Here are 7 things to keep in mind when deciding whether or not to glaze your kitchen cabinets:
- Kitchen Style – What does your kitchen design look like already? If you’ve got a modern or transitional kitchen style, chances are that cabinets with glaze are going to look really out of place. If you’re going to glaze your cabinetry, it really needs to be in a classic farmhouse-style kitchen where the look fits in and makes sense.
- Focal Points – When you glaze cabinets, you can quickly turn them into a focal point of the room. This is especially true when applying a dark glaze over white cabinets for the “antique” aged effect. You need to ascertain the focal points in your kitchen design and decide whether a glaze finish will add too much visual noise into the space, making the design feel over-the-top. If your heart is set on cabinet glazing, you may need to tone down other elements of the kitchen design and focal points.
- Glaze Quality – If you’re going to glaze your cabinets, you need to think about buying high-quality paint from a reputable manufacturer. Don’t attempt this with cheap, low-quality paint, as the effect will not work very well and the overall look will be cheap. Paint manufacturers like Sherwin Williams and Benjamin Moore sell plenty of great semi-transparent paints you can use for glazing cabinets.
- Expensive – Cabinet glazing can be a little pricey, especially if you’re using a high-quality glaze. If you’re on a budget and money is tight, it might be best to stick with regular painted cabinets for the time being.
- Refinishing and Repainting – Once your cabinet glazing is complete, it can be very difficult to refinish the cabinet door design or repaint it. It’s not impossible, but if you decide that you want to change the look of the cabinets, you’re going to have a challenge sanding all that glaze and paint away once it settles into the carvings of the wood.
- Divided Opinion – As mentioned earlier, people tend to love or hate a glaze look on their cabinets. It’s definitely not for everyone! If you’re selling your house in the near future and you want to cast a wide net over the potential buyers, you might be better off with a safer, more generic look for the cabinets instead.
- Dramatic Feel – Glazing your cabinets tends to yield quite dramatic-feeling results, so it’s definitely not the best choice for everyone out there. If you want a kitchen that’s super calm and relaxing, then glaze might not be the best idea.
Whether you glaze your cabinets or not is totally up to you and your personal taste, though you should certainly take these 7 factors into account before making the decision.
If you’re having doubts about the glaze, it may be best to get a second opinion of a homeowner or speak to a professional interior design specialist.
Are Glazed Cabinets Going Out Of Style?
Glazed cabinets are not the most popular look when it comes to painted cabinets. They’re almost exclusively reserved for traditional farmhouse cabinets and country-style kitchens, so they need to be part of a kitchen that fits in with their overall look.
In terms of popularity, they’re not SUPER popular.
This doesn’t mean you should avoid them entirely, but bear in mind that glazed cabinetry tends to divide opinion among buyers. Some people love the aged finish, others think it looks grimey and old in a negative way. If you’re trying to have a kitchen that stays modernly stylish for years to come, they may not be the best choice.
They really split the room!
However, it’s worth bearing in mind that this classic farmhouse kitchen look doesn’t tend to change much over the decades – the look is always very similar. On the other hand, more modern kitchens will start to look dated 5 or 10 years after they’ve been installed as contemporary design trends inevitably come and go.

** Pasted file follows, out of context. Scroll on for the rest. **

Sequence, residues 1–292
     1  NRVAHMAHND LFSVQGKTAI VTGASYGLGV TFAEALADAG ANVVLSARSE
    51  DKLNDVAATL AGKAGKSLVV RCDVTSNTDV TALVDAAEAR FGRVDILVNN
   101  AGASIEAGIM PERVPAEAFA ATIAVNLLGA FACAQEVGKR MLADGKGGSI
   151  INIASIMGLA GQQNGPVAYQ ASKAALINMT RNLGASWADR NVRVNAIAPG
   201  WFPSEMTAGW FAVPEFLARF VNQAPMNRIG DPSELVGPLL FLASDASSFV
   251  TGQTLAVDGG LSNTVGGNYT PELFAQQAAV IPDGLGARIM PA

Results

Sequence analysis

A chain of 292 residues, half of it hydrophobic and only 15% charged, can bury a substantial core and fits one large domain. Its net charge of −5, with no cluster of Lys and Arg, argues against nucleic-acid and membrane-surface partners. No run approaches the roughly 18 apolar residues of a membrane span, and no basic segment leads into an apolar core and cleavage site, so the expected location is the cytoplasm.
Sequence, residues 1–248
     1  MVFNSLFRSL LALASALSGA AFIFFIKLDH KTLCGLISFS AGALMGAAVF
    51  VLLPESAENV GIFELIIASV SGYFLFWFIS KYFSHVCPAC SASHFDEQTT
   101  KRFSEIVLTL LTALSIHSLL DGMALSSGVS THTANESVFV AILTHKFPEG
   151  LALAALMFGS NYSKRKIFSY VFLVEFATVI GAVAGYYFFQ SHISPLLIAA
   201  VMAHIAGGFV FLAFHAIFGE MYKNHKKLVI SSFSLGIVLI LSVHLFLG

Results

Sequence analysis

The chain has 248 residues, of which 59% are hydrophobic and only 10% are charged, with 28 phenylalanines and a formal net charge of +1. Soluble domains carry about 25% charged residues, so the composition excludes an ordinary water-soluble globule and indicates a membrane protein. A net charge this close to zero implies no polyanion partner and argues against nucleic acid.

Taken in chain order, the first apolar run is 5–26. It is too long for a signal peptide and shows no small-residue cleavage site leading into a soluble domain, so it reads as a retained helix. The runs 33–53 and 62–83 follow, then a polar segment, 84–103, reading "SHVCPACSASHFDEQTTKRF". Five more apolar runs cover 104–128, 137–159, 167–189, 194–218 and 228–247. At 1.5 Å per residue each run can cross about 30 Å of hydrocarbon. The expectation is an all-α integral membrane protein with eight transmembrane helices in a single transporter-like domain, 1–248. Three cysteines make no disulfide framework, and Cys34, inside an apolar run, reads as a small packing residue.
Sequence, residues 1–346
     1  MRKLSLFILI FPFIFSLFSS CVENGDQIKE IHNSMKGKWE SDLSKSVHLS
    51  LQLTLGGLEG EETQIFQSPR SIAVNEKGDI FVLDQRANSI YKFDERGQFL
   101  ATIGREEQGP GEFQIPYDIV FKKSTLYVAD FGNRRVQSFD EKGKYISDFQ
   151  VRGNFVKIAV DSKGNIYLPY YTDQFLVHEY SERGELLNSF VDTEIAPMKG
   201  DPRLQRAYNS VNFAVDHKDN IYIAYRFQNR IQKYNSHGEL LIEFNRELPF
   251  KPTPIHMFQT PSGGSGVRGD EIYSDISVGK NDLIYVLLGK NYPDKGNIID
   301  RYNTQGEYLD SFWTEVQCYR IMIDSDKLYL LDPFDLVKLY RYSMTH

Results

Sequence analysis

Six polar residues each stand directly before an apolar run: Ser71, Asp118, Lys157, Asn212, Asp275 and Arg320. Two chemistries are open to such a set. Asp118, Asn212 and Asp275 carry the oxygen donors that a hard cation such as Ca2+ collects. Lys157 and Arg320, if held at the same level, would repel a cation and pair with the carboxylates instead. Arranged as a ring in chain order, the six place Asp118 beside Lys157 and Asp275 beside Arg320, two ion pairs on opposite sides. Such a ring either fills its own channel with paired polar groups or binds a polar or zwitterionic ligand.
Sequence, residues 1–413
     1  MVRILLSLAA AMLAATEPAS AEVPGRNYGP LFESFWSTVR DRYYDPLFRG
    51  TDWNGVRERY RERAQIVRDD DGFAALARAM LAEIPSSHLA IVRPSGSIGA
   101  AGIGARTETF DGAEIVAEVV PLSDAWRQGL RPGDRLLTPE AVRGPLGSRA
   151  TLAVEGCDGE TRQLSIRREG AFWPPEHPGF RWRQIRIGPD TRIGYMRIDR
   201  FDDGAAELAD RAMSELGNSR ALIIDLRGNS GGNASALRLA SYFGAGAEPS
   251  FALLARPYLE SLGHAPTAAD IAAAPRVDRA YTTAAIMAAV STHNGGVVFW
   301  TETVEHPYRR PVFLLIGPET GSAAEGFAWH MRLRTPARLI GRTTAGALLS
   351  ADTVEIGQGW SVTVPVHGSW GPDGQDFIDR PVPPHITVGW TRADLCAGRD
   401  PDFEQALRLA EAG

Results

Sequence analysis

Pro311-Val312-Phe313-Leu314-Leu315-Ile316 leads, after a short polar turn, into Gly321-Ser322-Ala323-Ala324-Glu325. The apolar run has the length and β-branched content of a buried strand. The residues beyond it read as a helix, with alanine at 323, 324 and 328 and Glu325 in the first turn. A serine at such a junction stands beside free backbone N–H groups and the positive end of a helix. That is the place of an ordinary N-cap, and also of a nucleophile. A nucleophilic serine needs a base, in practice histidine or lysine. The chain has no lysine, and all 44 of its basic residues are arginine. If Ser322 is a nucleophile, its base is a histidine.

While not everyone likes the look, a cabinet door with a dark Sherwin Williams glaze is never going to look “dated” – it will always look appropriate as part of the larger traditional design. So while glazed cabinet doors are not super stylish right now, they won’t age badly like some modern painted cabinets do.
How Much Does it Cost to Glaze Cabinets?
Cabinet glazing is more expensive than just giving your cabinets an ordinary matte or satin coat. Nonetheless. it’s still relatively affordable if you’ve got some money to play with.
On average, you’re looking at around $10 per square foot to glaze your cabinets. However, if you’re after a high-end vintage look, then you might pay more like $10-$25 per square foot.
All things considered, this isn’t too expensive. It’s also very cost-effective, as done correctly, cabinet glazing can make your kitchen cabinets look like expensive old antiques when they may not actually be worth that much money in comparison.
If you can afford the costs, cabinet glazing is an excellent way to boost your kitchen’s aesthetic value.
Do You Have to Seal Glazed Cabinets?
Most of the time, you do not have to seal cabinets that have been glazed.
Usually, the glaze coat itself acts as a sealer for the cabinets, helping to keep the paint in good condition for many years to come. Extra layers of topcoat or polyurethane are not usually necessary, and they may actually ruin the effect of the glaze if you’re not careful.
There may be exceptions, but the glaze layer itself is normally enough.
Conclusion – Should I Glaze My Kitchen Cabinets?
When it comes to kitchen cabinet glazing, it’s all about personal taste and resale value. If the aesthetic of glaze-layered cabinets fits in with your country-style classic kitchen and doesn’t feel over-the-top, then do it by all means. A well-glazed cabinet set can add tons of character to a kitchen as well as a dramatic, ornate flair.
We love flair!
On the other hand, this aesthetic is very divisive and could incite a “love or hate” response in future buyers, so it’s a bit of a gamble if you plan on selling your house soon. It’s also more expensive than some more basic cabinet styles and may require more upkeep and cleaning.
Whether you decide to glaze your cabinets, antique them, or leave them as they are, we hope you make the right decision for your kitchen design, your budgets, your needs, and your personal taste.